The weather in Aqaba is definitely something you should check out first before you head over to the city for a trip. A lot of people may tell you that the city has pleasant weather, but you had best take that advice with a grain of salt: they may be people more inured to hot weather than others, so if you are not aware of how warm Jordan in general can get, you may well be surprised by the overly warm welcome Aqaba has in store for you.
The Aqaba climate can be divided roughly into a cool season and a hot season. These are relative terms, keep in mind: “cool” should probably be termed “cooler”, since it only merits such a name when compared to the hotter months of the year. For all practical purposes, however, these are the seasons that locals call winter and summer.
Summer runs from April to approximately October. The heat can get oppressive, so be prepared for it: temperatures are going to run from 90 degrees Fahrenheit to highs of around 100 degrees Fahrenheit. There have been records of daily temperatures in July hovering around the 104-degree mark. The one saving grace to weather in Aqaba at this time would be the fact of it being quite dry. June to September sees no rainfall at all, in most years, and even the tardy rains that blow in by October almost never go above 2mm in total precipitation. This is a relief for many people in the city: as those who have gone to the most sweltering of tropical locations know, the only thing worse than very high heat is very high heat combined with humidity.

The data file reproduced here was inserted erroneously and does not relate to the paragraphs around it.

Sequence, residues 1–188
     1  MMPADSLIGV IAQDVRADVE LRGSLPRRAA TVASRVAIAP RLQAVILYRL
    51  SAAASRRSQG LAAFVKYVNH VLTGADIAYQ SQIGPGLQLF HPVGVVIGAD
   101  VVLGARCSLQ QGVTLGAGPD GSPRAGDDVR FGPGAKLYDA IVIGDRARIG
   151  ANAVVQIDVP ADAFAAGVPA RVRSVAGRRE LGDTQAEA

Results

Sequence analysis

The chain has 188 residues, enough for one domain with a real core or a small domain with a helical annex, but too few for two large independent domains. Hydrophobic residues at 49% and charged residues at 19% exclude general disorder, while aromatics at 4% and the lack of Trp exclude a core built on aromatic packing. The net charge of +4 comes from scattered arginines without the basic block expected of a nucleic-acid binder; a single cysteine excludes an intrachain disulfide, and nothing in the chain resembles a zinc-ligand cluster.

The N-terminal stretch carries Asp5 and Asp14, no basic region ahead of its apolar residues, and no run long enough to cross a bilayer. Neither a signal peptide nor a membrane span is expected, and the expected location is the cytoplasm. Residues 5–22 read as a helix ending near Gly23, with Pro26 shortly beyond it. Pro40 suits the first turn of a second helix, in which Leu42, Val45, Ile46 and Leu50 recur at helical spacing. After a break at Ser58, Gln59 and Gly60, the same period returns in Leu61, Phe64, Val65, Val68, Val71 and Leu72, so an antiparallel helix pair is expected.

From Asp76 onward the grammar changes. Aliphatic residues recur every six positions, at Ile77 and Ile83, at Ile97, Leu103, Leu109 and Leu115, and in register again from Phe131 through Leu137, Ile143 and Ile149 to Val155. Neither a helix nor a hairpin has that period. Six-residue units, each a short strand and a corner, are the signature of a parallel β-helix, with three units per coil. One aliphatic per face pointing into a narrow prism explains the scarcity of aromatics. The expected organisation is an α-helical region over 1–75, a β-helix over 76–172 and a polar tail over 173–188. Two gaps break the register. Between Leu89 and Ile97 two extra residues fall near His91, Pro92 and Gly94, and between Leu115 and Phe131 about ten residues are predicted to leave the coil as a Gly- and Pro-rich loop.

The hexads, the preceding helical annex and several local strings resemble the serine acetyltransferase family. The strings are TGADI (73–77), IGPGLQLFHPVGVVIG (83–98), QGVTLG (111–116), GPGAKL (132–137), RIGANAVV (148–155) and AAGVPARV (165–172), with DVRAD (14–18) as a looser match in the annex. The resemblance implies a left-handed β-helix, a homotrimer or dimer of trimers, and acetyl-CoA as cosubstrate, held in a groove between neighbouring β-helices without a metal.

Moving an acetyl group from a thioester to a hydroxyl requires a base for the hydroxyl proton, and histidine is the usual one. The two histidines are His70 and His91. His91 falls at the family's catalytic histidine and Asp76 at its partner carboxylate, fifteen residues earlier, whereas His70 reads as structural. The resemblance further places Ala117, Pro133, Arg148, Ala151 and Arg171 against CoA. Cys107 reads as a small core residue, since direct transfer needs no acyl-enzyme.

The sea breeze should mitigate the heat a little, although you should still be careful, of course, to avoid going about during the summertime without adequate coverage and fluids. This is obviously not the ideal time to visit Aqaba, unless you are really comfortable with arid desert climates. Most people who have been here for a whole year or long enough to see both seasons know that the best time to visit the city is the cool season, or the so-called winter.
The winter rolls in around November to March. By many European countries’ standards, it would be laughable to call it winter, but as mentioned earlier, these are relative terms. This is when the country’s temperatures drop to a slightly more bearable 70 to 80 degrees Fahrenheit, and when rainfall experiences a bit of a spike. There is still not a lot of it even then, with the peak average rainfall measured in millimetres coming to only about 8mm for the month of December. The coolest temperatures tend to come in January, though, where the temperature can get as low as 67 degrees Fahrenheit.
This is thus the best time to visit the city, for the weather in Aqaba at this time is by far more bearable than at other times of the year. Be warned that you should consider the stark differences in day and night temperatures too, as is the case for most desert regions. The nights can get surprisingly chilly in winter, so bring at least one light jumper or coat just in case.